What is the thyroid gland?
The thyroid gland is a butterfly-shaped gland located in the lower neck just below the Adam’s apple. It secretes thyroid hormones that regulates metabolism.
What causes thyroid cancer?
Thyroid cancer is caused by genetic mutations that cause an abnormal and rapid growth of thyroid cells. You may be at an increased risk of thyroid cancer if you say yes to one or more of the following:
- Family history of thyroid cancer, or other familial syndromes such as multiple endocrine neoplasia (MEN) syndromes or familial adenomatous polyposis (FAP).
- Prior exposure to high doses of radiation, such as living near a nuclear reactor, x-ray treatment of acne or infections in the 1940-1960s.
- Female gender, thyroid cancer is three times more common in women than men.
- Age, thyroid cancer can occur at any age, the risk is higher in women over 40 and men over 60.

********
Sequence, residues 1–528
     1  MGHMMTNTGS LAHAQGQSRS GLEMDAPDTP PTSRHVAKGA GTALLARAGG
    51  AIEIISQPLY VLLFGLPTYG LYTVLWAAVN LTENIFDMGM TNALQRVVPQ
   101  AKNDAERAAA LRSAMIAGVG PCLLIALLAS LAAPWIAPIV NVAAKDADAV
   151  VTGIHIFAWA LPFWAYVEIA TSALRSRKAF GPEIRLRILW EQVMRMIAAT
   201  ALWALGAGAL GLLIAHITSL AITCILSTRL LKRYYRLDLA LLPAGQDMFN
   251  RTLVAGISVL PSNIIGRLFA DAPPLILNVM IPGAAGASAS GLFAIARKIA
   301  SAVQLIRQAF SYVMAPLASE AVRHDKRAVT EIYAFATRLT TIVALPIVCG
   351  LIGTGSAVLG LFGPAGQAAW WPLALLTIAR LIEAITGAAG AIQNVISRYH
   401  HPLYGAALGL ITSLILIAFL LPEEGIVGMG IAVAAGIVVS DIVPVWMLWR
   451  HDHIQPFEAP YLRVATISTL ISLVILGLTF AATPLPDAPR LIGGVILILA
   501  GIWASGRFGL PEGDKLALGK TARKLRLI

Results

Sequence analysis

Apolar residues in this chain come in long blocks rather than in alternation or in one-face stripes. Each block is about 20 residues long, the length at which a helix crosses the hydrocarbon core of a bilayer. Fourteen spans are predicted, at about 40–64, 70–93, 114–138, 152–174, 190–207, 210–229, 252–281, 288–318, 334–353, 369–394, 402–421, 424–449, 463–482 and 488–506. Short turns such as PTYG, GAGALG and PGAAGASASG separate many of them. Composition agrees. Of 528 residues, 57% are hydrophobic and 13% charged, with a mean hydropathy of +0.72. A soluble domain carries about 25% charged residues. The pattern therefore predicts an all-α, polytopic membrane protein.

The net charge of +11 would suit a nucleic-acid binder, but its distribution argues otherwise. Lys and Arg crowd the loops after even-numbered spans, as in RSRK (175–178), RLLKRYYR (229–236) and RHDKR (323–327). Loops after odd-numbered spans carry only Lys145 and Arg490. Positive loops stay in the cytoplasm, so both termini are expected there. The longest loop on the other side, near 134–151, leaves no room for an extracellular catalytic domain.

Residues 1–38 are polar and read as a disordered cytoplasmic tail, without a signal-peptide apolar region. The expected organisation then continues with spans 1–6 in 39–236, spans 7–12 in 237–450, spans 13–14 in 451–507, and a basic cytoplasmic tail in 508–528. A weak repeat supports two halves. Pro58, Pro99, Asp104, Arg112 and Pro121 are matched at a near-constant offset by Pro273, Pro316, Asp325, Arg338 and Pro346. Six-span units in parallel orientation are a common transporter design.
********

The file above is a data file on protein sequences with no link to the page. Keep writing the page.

How common is thyroid cancer?
The American Cancer Society’s most recent estimates for thyroid cancer is the United States for 2018 are about 53,990 new cases (40,900 in women and 13,090 in men).
What are the symptoms of thyroid cancer?
Thyroid cancer presents as a nodule or lump in the thyroid on neck examination by your doctor. Usually, it does not cause any symptoms. It is quite common to discover a thyroid nodule incidentally on a CT scan, MRI or ultrasound done for unrelated reasons. On occasion, a neck lump may be visible while looking in the mirror or may be brought to attention by family or friends. A larger nodule may cause discomfort in the neck, difficulty swallowing, hoarseness of voice and even difficulty breathing.
Unfortunately, blood tests do not help in detection of thyroid cancer. Common thyroid blood tests such as a TSH (Thyroid stimulating hormone) may be completely normal in thyroid cancer.
When to get a neck check?
If you have any of the above risk factors or symptoms, please see your doctor. The best way to find a thyroid nodule is by ensuring that your doctor examines your neck. If there is a concern for a thyroid nodule, you will likely get a thyroid ultrasound and see an endocrinologist, who specializes in thyroid disorders.
By: Bhavana Bajracharya, MD
Dr. Bajarcharya is a physician at Valley’s Diabetes, Thyroid, & Endocrinology Clinic.